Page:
It doesn’t have to be all or nothing. This is my new mantra. It started when I read these words in a book written by a vegan on eating less meat. It was a light turning on and it has been reverberating in me ever since, quietly asserting its influence like the ripples of a stone tossed into a silent lake.
I would have quit trying to eat less meat by now without this wise mantra. I would have given up with a shrug of unsurprised disappointment in myself and my lack of conviction, self-control and integrity. I would have chalked it up to another failure to add to my list of perceived inadequacies. But instead, I remind myself gently that learning to eat less meat is a very good thing, that it doesn’t have to be all or nothing. If I eat meat from time to time, I am still mostly vegetarian. I am still doing real good for the environment, for the creatures themselves, for my own peace of mind. I am on the path, even if I haven’t gotten to where I never eat meat or it’s by-products.
And it ripples outward. It doesn’t have to be all or nothing is beginning to touch more areas of my life and thinking.
I dropped one of my internet classes. Before this mantra, I doubt I would have had the sense to do that. I would have forced myself to take a class I wasn’t really all that interested in and that looked to be an awful lot of work just to prove that I was able to work and do school full-time. To drop the class would have felt like failing. But instead, I feel a tremendous sense of relief because I know it was the right choice for me. Now I can concentrate on the other 3 classes, each of which I am enjoying. I’ve been chanting this mantra often regarding the grading to come because receiving less than an A was not acceptable to me in the past. I’d like to let go of that type of “all or nothing” mentality there, as well, so that I can be more relaxed and study for the sheer joy of learning.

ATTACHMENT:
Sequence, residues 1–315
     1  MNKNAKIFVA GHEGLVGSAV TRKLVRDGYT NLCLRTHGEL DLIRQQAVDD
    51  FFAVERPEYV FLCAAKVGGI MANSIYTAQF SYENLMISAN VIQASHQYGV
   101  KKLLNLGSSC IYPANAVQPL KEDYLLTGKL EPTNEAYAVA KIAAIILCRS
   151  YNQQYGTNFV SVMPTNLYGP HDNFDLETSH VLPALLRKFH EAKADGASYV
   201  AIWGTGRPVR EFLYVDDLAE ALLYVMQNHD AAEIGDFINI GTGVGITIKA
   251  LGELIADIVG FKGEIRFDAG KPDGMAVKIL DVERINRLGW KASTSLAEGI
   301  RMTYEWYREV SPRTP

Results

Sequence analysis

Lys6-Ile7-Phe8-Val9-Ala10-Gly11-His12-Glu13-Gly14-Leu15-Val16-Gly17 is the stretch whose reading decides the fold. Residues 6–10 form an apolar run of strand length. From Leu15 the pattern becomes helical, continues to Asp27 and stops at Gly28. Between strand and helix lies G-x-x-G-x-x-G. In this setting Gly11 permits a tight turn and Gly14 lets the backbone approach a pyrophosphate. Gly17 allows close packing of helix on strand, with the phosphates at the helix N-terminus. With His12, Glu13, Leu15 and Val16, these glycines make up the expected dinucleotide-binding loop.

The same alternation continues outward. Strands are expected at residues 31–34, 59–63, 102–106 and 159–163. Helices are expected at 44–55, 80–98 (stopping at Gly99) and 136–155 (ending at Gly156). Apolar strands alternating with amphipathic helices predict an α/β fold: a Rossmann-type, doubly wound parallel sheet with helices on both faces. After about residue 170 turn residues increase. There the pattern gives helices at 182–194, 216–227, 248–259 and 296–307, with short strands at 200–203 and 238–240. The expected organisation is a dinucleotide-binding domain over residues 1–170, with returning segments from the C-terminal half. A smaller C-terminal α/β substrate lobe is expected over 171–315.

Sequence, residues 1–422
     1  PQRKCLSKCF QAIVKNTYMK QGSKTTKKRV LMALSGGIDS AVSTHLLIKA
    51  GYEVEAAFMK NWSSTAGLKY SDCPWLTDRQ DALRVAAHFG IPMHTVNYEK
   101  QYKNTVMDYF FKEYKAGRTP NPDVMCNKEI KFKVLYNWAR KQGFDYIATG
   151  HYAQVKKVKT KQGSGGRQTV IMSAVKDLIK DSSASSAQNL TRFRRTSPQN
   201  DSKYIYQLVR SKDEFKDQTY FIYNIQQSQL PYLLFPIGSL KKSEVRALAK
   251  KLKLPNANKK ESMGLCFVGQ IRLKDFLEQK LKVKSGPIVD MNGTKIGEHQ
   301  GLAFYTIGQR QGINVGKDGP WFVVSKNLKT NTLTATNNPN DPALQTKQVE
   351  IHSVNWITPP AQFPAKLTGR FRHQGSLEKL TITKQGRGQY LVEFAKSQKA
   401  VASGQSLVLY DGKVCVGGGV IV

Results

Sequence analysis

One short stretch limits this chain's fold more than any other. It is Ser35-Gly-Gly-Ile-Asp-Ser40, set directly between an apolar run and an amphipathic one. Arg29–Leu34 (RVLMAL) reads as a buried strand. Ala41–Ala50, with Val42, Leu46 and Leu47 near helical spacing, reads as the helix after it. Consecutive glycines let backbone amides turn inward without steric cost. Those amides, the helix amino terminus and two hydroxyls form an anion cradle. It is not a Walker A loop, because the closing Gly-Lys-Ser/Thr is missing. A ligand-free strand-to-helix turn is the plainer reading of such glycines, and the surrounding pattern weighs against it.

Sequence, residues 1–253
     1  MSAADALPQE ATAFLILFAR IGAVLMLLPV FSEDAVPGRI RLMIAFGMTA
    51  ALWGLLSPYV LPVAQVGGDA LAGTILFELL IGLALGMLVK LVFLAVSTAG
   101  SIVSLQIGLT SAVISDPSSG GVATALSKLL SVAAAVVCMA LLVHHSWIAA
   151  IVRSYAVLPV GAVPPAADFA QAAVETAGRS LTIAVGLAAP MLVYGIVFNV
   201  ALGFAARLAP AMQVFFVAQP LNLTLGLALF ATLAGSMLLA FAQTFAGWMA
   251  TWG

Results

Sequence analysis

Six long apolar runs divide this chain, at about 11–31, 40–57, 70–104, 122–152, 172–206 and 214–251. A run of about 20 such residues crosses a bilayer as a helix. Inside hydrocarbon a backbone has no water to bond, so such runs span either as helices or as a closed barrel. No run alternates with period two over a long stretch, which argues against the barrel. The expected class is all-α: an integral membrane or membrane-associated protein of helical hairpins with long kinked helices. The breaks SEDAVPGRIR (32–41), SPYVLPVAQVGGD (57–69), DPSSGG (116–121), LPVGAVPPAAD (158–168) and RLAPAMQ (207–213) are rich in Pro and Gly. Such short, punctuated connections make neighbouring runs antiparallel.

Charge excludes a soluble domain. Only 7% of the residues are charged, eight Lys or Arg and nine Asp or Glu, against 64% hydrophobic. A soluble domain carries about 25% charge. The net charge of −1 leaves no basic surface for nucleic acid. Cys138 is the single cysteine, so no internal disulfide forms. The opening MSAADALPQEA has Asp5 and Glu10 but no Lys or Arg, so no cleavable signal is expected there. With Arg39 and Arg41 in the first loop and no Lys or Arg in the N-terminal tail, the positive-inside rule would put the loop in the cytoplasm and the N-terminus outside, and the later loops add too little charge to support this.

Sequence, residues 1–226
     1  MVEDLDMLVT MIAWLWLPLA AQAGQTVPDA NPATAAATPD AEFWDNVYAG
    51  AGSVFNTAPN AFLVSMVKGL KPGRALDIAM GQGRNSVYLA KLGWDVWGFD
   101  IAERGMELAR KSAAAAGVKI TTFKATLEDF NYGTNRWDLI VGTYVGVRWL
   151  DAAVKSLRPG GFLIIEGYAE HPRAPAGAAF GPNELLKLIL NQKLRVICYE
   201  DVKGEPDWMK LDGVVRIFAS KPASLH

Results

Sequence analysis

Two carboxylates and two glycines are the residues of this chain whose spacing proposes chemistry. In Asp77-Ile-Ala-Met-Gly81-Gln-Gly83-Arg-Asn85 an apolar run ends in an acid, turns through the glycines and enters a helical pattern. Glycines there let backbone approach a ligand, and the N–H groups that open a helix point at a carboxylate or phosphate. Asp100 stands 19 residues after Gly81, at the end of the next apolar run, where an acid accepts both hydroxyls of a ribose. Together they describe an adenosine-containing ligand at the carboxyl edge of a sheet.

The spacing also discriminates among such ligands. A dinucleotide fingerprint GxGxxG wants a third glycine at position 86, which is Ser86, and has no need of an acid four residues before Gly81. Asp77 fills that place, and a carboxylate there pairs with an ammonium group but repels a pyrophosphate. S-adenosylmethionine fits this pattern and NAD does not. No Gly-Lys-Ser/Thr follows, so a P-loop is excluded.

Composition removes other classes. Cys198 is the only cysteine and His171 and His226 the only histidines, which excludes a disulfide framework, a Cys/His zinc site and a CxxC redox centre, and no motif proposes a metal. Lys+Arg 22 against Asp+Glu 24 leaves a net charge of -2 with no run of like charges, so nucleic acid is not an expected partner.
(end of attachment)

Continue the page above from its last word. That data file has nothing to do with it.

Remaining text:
This new mantra manifested as I was considering how to be more disciplined about having yoga practice each morning. I decided to begin doing a short 10 or 15 minute practice. Not too challenging, doing the postures I most enjoy. Getting back into the feel of my body, back into listening to what it needs and wants from the practice. This has been a real breakthrough for me. Not feeling like I must have an hour with challenging postures to be satisfied has set me free to enjoy yoga again. It doesn’t have to be all or nothing.
I wonder how many things I’ve not done, not even tried for fear of not being able immediately to do them and do them well? It doesn’t have to be all or nothing gives me permission to fail, to be lousy at things, to suck for a bit until I get my feet under me. What freedom! It feels like taking a deep breath of crisp mountain air after a lifetime of shallow city breathing.
Sogyal Rinpoche said, “Learning to live is learning to let go”. I am learning to let go of my perfectionism and fear of failure in all of its permutations. It doesn’t have to be all or nothing has made me feel as light as a cloud and as hopeful as a child.